In many states, the party with legislative control gets to re-draw the lines for congressional districts. Following the 2020 Census, Republicans will have the ability to re-draw 187 congressional districts. Democrats will only control 75.
Currently, maps can be drawn however the party in power wants, allowing them to create odd-looking districts that make little sense in order to maintain power.
Passing laws that require maps to focus on contiguous political districts, or communities that share political and geographical makeup, would eliminate some of the bias.
Another option: Hand over the mapmaking process to machines. There are several computer models that treat redistricting like a math equation rather than a political calculus.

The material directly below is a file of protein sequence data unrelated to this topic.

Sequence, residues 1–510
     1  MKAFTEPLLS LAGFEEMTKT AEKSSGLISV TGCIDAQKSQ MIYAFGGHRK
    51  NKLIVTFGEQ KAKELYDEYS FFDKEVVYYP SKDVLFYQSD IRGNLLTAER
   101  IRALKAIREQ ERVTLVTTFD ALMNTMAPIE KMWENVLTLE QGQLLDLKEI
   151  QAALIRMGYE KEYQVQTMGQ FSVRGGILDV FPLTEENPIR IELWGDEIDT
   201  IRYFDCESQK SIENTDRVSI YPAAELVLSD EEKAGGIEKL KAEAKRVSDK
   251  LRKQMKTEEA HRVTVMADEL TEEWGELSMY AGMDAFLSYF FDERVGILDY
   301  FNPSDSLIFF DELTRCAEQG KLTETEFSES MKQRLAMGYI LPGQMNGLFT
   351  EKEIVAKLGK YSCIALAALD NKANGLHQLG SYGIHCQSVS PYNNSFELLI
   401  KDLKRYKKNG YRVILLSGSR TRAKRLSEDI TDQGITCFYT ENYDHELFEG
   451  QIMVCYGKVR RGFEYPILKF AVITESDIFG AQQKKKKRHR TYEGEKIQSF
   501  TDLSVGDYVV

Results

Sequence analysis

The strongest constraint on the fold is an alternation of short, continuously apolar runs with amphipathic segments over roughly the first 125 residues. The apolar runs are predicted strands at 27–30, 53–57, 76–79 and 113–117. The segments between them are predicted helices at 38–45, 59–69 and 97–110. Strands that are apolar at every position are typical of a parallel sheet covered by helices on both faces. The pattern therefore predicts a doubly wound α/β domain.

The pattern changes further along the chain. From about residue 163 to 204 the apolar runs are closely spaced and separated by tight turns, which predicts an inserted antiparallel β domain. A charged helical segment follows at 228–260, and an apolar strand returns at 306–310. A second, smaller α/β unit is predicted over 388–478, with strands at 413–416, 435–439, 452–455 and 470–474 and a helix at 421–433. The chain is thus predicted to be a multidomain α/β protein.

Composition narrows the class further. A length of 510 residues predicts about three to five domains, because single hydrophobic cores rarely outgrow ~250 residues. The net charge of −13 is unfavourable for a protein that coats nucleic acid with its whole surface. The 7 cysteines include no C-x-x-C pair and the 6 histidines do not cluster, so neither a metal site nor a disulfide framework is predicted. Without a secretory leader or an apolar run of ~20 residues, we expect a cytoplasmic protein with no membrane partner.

It passed the House in March but was filibustered by Republicans in the Senate. The bill would require independent commissions to be established in every state to handle redistricting and would require bipartisan support for every proposed map.
Right now, it’s stalled. But other versions of the bill like the Freedom to Vote Act offer similar paths to addressing gerrymandering — if they can pass Republican opposition.